*This was originally published in Volume 15, Issue 18 of DU Beat
To begin, season 2 of Bridgerton outdid the first one marvelously, no small feat considering Rege-Jean Page who plays Duke Simon, did not return.
The Netflix original, created by Chris van Dusen based on the book series of the same name (by Julia Quinn) caused an even bigger internet storm this time, and rightfully so. This season took everything that made its predecessor amazing and did it better. The costumes, the setting, and the dialogues are all impeccable and impossibly alive. Even though all the overdramatization and the ridiculous worries were signs of the time, it pulls you in and makes you long for the overly critical neighbours, the gowns and balls, the minor slights capable of causing social scandals and of course, Lady Whistledown.
Almost every Bridgerton sibling this season has a storyline of substance that ensures you’re at the edge of your seat every minute. Benedict, at last finds courage to pursue his artistic passions, and Collin realizes he needs a passion to pursue. Eloise not only serves as a respite from the intense romantic plotline but also goes through tribulations of her own that contribute to her character growth wonderfully. Her search for the true identity of Lady Whistledown taken her to places (and people) her societal peers would frown upon.
The Sharma family has scandals of their own to move on from while trying to find a suitable husband for the youngest daughter Edwina, and the elder sister Kate takes this task upon herself. And so her path begins crossing with Anthony, the viscount and this season’s most eligible bachelor. Anthony starts out just as insufferable this time but unlike season 1, even the harshest critiques will be forced to sympathize with him as we go through the motions from his perspective. Turns out, his stubbornness and his overbearing interferences are as much an annoyance to him as they are to everyone around him but as the man of the house, he’s just doing what he thinks is expected and right.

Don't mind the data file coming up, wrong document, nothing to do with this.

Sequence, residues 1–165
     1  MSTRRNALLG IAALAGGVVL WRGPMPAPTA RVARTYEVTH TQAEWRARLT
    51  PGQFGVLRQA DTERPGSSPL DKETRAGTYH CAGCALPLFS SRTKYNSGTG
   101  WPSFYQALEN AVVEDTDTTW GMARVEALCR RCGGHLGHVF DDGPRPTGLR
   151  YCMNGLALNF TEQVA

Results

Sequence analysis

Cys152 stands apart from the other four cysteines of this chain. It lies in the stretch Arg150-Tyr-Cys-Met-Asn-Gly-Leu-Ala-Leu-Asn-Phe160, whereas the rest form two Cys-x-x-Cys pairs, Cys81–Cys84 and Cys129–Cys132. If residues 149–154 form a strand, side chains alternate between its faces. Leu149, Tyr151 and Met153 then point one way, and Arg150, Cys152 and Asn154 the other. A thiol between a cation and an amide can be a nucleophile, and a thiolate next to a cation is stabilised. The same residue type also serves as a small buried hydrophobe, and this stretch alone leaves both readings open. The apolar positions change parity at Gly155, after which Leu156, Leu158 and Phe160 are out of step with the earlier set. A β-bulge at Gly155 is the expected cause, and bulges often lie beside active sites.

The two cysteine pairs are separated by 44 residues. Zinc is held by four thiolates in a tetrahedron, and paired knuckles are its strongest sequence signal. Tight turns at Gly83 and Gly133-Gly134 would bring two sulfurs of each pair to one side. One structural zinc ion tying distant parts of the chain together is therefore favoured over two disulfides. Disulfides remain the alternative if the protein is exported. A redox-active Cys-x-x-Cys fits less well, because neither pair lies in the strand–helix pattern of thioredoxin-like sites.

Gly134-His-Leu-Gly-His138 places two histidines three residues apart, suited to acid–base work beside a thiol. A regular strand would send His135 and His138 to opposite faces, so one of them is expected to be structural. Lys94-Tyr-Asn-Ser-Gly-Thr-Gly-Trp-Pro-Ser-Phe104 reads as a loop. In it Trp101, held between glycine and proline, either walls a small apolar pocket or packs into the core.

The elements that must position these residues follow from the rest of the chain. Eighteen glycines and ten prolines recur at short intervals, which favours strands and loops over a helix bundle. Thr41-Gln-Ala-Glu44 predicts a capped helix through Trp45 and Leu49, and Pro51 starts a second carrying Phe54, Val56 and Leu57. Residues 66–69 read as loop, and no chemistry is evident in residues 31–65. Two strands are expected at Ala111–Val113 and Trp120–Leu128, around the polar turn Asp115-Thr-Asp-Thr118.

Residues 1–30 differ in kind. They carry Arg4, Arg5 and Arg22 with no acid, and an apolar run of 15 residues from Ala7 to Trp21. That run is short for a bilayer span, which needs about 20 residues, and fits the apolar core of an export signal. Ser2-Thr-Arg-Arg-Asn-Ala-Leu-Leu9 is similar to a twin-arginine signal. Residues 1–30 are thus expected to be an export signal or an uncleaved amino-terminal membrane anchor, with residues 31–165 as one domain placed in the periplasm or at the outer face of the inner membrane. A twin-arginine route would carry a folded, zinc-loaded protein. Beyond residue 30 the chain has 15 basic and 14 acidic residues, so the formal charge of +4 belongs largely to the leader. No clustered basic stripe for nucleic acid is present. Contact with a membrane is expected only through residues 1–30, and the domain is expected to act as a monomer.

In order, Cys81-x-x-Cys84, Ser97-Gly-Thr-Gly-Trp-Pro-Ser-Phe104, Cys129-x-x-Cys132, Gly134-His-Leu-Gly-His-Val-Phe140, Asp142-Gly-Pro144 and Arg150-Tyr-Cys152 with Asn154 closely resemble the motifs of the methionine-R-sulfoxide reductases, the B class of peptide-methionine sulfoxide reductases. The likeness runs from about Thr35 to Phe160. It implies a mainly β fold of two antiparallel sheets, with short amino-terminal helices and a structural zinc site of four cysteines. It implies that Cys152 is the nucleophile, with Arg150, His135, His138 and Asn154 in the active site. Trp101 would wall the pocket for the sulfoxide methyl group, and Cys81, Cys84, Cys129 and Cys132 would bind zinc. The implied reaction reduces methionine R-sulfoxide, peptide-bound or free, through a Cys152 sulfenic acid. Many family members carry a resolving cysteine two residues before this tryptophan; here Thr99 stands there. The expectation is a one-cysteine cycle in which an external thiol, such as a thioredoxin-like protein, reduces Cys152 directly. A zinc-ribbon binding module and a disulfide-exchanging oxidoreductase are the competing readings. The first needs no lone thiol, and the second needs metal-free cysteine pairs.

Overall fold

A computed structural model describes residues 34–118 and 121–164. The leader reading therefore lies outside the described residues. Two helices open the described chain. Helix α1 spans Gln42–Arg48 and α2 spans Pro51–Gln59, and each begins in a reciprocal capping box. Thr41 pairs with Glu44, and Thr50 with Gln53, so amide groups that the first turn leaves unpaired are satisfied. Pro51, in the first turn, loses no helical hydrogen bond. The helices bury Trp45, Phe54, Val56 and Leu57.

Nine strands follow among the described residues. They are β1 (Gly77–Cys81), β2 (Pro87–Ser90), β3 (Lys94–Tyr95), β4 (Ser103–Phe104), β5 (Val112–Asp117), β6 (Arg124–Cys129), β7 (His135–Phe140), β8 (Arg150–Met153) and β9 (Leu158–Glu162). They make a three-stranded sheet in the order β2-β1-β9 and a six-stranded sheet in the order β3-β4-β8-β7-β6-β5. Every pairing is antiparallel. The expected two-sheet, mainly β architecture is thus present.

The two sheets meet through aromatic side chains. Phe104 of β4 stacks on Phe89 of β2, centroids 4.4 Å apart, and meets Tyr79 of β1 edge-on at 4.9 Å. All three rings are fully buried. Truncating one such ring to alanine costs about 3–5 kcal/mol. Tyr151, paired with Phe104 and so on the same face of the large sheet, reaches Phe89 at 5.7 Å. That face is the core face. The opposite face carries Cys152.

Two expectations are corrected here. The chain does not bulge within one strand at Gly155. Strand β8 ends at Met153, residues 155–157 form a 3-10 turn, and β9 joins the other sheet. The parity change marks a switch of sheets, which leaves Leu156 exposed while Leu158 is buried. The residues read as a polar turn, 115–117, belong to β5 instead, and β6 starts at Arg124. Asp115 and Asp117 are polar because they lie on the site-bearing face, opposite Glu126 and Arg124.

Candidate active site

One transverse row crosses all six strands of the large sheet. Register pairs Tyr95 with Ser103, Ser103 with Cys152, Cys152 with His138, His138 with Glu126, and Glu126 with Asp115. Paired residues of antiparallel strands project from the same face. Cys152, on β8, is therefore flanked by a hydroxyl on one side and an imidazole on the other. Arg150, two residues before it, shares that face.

The pride and all the prejudice embedded in all eight episodes coupled with the development and culmination of Kate and Anthony’s love story takes us through a rollercoaster ride while somehow also managing to give depth to both characters. All of the previous season’s loose strings were neatly tied up and sufficient groundwork was laid for next season’s conflict. All this was accomplished while the orchestra played beautiful, classical renditions of Alanis Morrissett (among others). On a personal note, Kabhi Khushi Kabhi Gham during the Haldi ceremony was spectacular.
With a diverse cast (an improvement from the books) and racism glanced over very briefly for over ten seconds in the previous season, this show makes for a perfect escapist fantasy. All in all, the second season of Bridgerton not only managed to live to the expectations but also met and set new marks of grandeur and ensured that its audiences anticipates and awaits the next season eagerly.
Naina Priyadarshi Mishra